This article originally appeared in the Sydney Morning Herald on 22 September 2017.
During the past 10 years, incarceration in Australia has risen 40 per cent. A third of this is the result of more Indigenous Australians being jailed. Indigenous Australians are now jailed at a rate more than 12 times that of non-Indigenous Australians.
The Australian Law Reform Commission is conducting an inquiry into this disproportionate rate of incarceration and how the criminal justice system might be reformed to address it. There are a number of reforms being considered that have the potential to gain bipartisan support, such as making alternatives to prison, like work orders and home detention, more available to Indigenous offenders and improving access to justice by resolving issues such as a lack of translators.
Reformers should focus on ideas that have the potential for broad-based support and that reinforce traditional criminal justice principles like equality under the law, fair punishment, and personal responsibility. Moves to further separate the administration of justice for Indigenous and non-Indigenous Australians are unnecessary and contrary to the universality on which the authority of the criminal law depends. The NSW Bar Association’s proposal to amend sentencing laws to specifically take into account an offender’s Indigenous background and the high level of Indigenous incarceration should be rejected.
This piece originally appeared on the ABC website on 8 August 2017.
Australia spends more on criminal justice than most other developed countries, but gets worse results. In world terms, we spend a lot on prisons and police but despite this, Australians consistently report feeling less safe than people in similar countries.
These are the findings of the latest report for the Institute of Public Affairs Criminal Justice Project, and they underline the need for criminal justice reform around Australia.
The IPA blog has a round-up of some of the media interest in my latest report, including my interviews with ABC News 24, ABC RN Drive, and 774 Melbourne Drive.
I was also interviewed for the 8 August edition of PM, the ABC’s flagship news program.
This article originally appeared in The Australian on 28 July 2017.
A report from the NSW Bureau of Crime Statistics and Research shows the incarceration of indigenous Australians in that state has increased by 25 per cent since 2013. The report attributes this rise to more indigenous people being charged with, and imprisoned for, stalking and intimidation offences, defendants spending more time on remand and more breaches of good behaviour bonds and suspended sentences leading to imprisonment.
Recent reforms announced by the NSW government will help. In May, the government unveiled plans to abolish suspended sentences and expand the use of intensive corrections orders, giving judges more options for imposing conditions on low-risk offenders, such as home detention, curfews and movement restrictions.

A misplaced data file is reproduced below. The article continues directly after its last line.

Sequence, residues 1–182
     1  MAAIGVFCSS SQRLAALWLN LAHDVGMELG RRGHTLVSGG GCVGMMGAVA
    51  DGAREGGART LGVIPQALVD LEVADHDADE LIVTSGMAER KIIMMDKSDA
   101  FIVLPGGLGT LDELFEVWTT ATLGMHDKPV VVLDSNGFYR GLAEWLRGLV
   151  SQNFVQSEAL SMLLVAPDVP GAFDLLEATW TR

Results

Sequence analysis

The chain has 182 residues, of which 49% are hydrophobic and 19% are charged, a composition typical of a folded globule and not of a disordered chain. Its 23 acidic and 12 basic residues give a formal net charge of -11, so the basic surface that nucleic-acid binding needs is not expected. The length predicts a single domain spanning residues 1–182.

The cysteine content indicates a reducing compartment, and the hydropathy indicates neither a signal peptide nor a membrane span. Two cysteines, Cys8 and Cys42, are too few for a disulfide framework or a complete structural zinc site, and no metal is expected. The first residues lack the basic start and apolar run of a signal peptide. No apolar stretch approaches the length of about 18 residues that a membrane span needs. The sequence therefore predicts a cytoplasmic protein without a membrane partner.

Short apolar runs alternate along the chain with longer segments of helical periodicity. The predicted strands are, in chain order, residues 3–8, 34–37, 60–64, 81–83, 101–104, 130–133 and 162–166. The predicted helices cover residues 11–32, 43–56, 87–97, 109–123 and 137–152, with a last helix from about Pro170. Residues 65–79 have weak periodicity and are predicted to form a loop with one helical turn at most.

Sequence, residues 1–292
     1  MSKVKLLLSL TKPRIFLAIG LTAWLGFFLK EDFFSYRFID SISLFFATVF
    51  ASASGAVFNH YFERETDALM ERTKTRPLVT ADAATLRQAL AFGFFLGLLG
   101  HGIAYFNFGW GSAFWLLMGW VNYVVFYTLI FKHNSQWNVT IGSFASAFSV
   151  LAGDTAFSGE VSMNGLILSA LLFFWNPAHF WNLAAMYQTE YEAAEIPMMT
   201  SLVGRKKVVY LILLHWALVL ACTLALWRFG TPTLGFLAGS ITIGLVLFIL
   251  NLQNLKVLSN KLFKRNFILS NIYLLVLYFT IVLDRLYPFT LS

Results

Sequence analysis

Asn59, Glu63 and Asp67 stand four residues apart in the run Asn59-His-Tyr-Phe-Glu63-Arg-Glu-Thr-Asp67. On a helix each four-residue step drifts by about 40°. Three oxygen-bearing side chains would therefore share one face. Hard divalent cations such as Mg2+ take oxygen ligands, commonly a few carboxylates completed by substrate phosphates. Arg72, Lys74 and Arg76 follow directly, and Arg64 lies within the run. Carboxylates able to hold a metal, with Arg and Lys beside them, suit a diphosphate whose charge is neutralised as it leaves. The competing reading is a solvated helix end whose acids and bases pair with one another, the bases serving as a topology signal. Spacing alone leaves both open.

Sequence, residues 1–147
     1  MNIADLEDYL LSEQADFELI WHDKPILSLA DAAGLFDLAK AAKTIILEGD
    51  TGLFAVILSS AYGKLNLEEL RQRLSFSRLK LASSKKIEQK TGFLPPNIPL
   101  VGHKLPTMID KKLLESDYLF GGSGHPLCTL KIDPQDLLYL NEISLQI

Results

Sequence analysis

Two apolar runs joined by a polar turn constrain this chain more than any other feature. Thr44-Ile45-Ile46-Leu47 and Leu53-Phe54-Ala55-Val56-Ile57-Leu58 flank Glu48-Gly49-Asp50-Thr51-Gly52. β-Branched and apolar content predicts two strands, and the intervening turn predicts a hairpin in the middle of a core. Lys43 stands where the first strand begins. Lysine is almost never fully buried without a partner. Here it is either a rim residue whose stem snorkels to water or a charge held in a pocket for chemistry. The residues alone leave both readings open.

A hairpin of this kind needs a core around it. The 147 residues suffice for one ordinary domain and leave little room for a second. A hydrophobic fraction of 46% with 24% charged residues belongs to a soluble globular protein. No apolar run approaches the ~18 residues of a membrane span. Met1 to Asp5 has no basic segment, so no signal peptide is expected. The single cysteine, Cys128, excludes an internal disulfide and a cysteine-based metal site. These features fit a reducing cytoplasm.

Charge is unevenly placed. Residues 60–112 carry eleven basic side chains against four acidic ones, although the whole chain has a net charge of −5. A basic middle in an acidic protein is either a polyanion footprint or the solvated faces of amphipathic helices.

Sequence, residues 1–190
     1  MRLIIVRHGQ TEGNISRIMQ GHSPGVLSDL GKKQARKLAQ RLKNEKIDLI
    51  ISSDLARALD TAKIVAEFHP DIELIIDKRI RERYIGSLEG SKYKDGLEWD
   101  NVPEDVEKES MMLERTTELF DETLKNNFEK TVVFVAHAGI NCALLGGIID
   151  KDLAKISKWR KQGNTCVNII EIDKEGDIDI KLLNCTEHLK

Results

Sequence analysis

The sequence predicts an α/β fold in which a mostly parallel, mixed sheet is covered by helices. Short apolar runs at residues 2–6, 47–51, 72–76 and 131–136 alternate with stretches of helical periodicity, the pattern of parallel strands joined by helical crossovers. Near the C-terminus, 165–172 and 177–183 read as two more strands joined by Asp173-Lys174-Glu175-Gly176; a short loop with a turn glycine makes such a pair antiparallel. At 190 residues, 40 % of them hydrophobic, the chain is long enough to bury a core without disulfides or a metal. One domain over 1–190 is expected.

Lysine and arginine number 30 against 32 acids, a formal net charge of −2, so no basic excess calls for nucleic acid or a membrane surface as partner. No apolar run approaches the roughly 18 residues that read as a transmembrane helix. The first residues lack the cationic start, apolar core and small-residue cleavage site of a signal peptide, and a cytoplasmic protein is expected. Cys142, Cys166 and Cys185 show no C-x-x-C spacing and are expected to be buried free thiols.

This piece originally appeared on the IPA FreedomWatch blog on 9 June 2017.
Lionel Messi is in Melbourne with his Argentinian teammates to play Brazil at the MCG tonight. But should he actually be locked up in a Spanish jail?
Messi was convicted last year of evading millions of euros in taxes. His appeal was denied last month and his sentence of 21 months in prison and a €2 million fine was upheld. Messi, however, is likely to avoid jail because in Spain, first offences carrying sentences of less than two years are usually suspended.
This article originally appeared in the Sydney Morning Herald on 16 May 2017.
The NSW government continues to lead the way on innovative criminal justice policy. Having last year committed $3.8 billion to new and improved prisons, the government is now pivoting to reforms designed to reduce the need for further prison spending over the longer-term, by lowering reoffending and improving community safety.
The government last week announced a package of reforms, including the abolition of suspended sentences and a new procedure for managing offenders released on parole. While prison is absolutely necessary for violent criminals, these reforms acknowledge that for those criminals we do release into the community, we need more options for managing their behaviour.
This article originally appeared in the Daily Telegraph on 28 April 2017.
Community safety is the highest priority of the criminal justice system and the NSW government can be proud of the latest batch of crime statistics.
Robbery and theft have declined 13 per cent from the last quarter of 2016.Other serious crimes such as murder and assault are stable. This stands in stark contrast to Victoria where serious crime is skyrocketing, up 20 percent over the past two years.
When it comes to reducing crime in Australia, NSW is leading the way. Building on this success, the government now has the opportunity to launch a wide-ranging criminal justice reform program.